For this cultural excursion we traveled about one hour towards Lake Balaton to Sárvár to see the castle. This is the bridge over what used to be the moat.
It was getting close to closing time, but I kept the gate open so we could get in.
This was the castle of a Protestant count. Here the Protestant presses produced the first books in Hungarian in the early 1600's.
The knight's hall has paintings on the ceilings depicting various battles with the Turks as they invaded and occupied Hungary in the 1500's and 1600's. Count Nádasdy, the owner of this castle was one of the heroes who slowed their advance.
On the walls are pictures of Old Testament stories. This one is of Abraham sacrificing his son.
The other rooms have paintings on the walls too. Even the picture frames are just part of the paintings.
The wall paneling under this painting is not wood at all. It's just part of the painting
The porcelain dishes were interesting too. Some of the plates told a story when you laid them out. Perhaps you can see how these tell of hunting a deer--from trapping it to killing it.
This silver cream pitcher reminds me of the horse and the alligator pitchers that Chrissy and Debbie made in their ceramics class.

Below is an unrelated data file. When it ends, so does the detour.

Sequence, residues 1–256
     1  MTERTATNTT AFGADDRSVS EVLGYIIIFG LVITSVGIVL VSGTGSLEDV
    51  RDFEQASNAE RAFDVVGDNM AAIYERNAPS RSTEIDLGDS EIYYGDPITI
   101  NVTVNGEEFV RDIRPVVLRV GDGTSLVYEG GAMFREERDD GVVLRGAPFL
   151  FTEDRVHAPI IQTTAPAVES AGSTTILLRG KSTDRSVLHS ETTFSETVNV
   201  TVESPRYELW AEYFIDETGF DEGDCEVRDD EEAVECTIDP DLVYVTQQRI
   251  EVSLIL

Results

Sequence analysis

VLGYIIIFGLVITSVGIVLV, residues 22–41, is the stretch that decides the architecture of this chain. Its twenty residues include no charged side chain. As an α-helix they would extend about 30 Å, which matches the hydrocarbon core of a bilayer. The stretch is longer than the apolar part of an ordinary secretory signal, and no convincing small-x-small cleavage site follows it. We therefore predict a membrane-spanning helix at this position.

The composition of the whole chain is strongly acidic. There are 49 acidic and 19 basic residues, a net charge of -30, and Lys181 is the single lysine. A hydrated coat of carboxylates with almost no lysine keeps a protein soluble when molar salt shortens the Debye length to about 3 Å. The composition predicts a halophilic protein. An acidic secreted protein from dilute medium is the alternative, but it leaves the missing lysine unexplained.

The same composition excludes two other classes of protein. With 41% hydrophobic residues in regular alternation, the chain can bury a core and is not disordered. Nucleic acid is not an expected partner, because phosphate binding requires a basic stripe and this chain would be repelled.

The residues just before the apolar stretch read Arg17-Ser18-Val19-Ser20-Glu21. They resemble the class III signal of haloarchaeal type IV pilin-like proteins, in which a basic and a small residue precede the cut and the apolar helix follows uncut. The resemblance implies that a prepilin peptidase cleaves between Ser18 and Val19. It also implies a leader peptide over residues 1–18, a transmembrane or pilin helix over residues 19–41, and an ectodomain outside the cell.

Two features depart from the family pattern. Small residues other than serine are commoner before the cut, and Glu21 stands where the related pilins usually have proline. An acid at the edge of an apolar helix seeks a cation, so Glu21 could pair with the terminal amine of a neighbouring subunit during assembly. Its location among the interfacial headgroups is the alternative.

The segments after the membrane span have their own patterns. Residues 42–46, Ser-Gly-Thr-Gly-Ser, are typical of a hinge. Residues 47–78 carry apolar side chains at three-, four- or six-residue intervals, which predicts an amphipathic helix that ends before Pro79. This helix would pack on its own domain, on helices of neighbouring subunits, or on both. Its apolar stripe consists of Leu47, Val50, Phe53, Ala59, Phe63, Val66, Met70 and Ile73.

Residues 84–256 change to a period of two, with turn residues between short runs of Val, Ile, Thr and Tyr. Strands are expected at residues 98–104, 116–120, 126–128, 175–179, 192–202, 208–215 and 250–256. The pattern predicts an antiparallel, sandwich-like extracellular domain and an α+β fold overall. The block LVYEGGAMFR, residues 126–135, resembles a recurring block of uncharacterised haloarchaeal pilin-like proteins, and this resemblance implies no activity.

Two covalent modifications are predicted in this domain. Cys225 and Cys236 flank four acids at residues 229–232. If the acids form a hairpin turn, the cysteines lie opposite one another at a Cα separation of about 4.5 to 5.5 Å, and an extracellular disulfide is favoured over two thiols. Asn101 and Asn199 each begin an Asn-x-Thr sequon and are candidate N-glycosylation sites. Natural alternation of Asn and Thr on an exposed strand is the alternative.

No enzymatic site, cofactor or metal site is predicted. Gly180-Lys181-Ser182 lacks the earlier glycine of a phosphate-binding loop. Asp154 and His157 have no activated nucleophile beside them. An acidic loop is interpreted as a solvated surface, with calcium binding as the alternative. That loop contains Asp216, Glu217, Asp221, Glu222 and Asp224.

Perhaps the most famous or infamous former inhabitant of this castle was the "Blood Countess" Erzsébet Báthory, sometimes known as Countess Dracula. When her husband was away fighting Turks, she thought she discovered that when she bathed herself with the blood of young maidens, it kept her skin young. After her husband died, she had a team of procurers keep her supplied with virgins so she could drain their blood and shower and bathe in it. After more than 650 maidens disappeared in the surrounding countryside over the next six years, people got suspicious. A relative investigated, and discovered what was happening. After her trial, her accomplices were executed, but to "protect the family name" she was cemented into a dungeon with just an opening to give her food until she died four years later. They hid the record of her trial (again to protect the family name) so the full story didn't come out until more than a hundred years later.
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